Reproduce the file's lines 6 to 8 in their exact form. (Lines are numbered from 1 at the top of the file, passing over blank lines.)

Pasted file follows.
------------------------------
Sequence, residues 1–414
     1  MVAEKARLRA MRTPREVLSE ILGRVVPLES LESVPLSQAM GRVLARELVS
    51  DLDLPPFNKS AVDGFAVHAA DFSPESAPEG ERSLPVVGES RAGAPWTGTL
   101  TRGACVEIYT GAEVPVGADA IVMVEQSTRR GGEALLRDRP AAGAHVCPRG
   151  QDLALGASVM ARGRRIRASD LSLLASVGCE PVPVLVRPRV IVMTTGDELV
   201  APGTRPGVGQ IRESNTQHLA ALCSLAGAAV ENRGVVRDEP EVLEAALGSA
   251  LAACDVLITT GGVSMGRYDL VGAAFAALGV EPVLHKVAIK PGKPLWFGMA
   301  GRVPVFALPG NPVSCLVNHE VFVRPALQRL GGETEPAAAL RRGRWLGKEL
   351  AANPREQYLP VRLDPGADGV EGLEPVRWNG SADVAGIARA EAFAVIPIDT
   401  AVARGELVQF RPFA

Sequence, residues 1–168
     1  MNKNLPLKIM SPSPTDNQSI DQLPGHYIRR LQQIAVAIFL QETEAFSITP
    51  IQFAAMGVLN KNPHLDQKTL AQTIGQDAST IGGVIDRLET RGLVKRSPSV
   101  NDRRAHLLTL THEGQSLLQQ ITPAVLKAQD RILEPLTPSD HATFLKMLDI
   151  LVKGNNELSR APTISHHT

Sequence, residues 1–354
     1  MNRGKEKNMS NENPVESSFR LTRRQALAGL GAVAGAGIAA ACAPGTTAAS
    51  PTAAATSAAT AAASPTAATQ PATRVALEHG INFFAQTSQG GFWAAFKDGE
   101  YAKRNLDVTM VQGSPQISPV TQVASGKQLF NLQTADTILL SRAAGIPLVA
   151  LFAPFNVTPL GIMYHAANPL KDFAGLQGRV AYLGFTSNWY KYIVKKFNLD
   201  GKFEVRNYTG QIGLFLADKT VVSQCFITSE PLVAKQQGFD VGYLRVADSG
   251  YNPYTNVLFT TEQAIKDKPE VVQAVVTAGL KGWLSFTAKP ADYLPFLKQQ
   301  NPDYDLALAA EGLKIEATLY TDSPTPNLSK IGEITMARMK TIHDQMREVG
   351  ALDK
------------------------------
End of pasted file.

   201  APGTRPGVGQ IRESNTQHLA ALCSLAGAAV ENRGVVRDEP EVLEAALGSA
   251  LAACDVLITT GGVSMGRYDL VGAAFAALGV EPVLHKVAIK PGKPLWFGMA
   301  GRVPVFALPG NPVSCLVNHE VFVRPALQRL GGETEPAAAL RRGRWLGKEL